The Honor of the Name
This name Lacheneur awakened no recollection in the mind of the duke.
First, he had never lived at Sairmeuse.
And even if he had, what courtier of the ancien regime ever troubled himself about the
individual names of the peasants, whom he regarded with such profound indifference.
When a grand seigneur addressed these people, he said: "Halloo! hi, there! friend, my
So it was with the air of a man who is making an effort of memory that the Duc de
But Martial, a closer observer than his father, had noticed that the priest's glance wavered
at the sound of this name.
"Who is this person, Abbe?" demanded the duke, lightly.
"Monsieur Lacheneur," replied the priest, with very evident hesitation, "is the present
owner of the Chateau de Sairmeuse."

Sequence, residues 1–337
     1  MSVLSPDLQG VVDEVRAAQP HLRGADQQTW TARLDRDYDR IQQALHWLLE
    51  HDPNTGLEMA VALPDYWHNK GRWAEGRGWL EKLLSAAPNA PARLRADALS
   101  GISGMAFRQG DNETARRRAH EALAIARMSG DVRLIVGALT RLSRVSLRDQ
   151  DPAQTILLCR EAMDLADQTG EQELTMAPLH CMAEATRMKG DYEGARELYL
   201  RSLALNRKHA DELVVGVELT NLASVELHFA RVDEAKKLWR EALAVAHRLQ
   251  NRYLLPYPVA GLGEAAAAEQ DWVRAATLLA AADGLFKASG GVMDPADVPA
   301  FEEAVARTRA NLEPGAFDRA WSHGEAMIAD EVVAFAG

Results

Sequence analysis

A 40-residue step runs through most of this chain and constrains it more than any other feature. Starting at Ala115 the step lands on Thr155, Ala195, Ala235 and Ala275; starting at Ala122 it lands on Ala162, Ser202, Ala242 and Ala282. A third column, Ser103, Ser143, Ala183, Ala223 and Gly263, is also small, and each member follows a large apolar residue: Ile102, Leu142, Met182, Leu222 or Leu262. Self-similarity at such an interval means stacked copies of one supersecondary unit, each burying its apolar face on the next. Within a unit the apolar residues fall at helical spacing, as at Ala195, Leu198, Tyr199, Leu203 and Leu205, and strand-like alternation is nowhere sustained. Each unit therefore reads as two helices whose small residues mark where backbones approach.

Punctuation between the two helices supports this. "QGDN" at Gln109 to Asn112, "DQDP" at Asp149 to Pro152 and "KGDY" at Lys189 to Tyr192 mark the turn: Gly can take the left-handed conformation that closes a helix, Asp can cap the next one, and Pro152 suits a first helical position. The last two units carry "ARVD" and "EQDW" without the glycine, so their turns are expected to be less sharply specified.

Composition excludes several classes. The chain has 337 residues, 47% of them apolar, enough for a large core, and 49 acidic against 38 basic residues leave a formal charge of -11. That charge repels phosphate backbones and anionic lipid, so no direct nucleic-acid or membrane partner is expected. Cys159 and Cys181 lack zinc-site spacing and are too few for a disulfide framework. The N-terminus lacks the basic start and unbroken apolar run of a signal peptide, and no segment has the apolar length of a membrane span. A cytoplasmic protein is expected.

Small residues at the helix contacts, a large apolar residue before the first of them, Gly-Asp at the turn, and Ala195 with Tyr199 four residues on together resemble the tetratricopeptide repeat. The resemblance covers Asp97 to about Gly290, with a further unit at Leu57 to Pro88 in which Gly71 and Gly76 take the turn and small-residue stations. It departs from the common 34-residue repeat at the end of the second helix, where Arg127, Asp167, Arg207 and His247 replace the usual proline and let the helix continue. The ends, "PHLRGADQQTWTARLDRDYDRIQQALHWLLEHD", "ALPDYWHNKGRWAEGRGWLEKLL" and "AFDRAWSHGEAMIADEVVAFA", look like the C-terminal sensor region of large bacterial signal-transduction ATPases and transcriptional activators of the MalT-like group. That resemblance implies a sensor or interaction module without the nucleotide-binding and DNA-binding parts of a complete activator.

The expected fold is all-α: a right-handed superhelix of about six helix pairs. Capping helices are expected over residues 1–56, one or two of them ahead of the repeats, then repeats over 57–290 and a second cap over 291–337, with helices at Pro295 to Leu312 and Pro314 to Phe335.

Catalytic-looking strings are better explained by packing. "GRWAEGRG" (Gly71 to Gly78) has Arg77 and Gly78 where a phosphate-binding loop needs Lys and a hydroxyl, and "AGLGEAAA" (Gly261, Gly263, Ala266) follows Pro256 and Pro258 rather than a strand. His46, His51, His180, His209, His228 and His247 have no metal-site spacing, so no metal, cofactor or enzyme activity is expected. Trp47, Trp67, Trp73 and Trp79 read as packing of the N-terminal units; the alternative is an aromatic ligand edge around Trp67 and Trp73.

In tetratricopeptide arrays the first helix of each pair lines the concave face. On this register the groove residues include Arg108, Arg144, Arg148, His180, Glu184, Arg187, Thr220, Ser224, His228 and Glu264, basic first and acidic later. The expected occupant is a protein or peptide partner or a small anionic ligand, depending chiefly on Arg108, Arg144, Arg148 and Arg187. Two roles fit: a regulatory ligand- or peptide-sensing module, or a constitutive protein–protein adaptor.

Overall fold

Martial, the precocious diplomat, could not repress a smile on hearing this response,
which he had foreseen. But the duke bounded from his chair.
"Ah!" he exclaimed, "it is the rascal who has had the impudence-- Let him come in, old
woman, let him come in."
Bibiaine retired, and the priest's uneasiness increased.
"Permit me, Monsieur le Duc," he said, hastily, "to remark that Monsieur Lacheneur
exercises a great influence in this region--to offend him would be impolitic----"
"I understand--you advise me to be conciliatory. Such sentiments are purely Jacobin. If
His Majesty listens to the advice of such as you, all these sales of confiscated estates will
be ratified. Zounds! our interests are the same. If the Revolution has deprived the nobility
of their property, it has also impoverished the clergy."
"The possessions of a priest are not of this world, Monsieur," said the cure, coldly.
M. de Sairmeuse was about to make some impertinent response, when M. Lacheneur
appeared, followed by his daughter.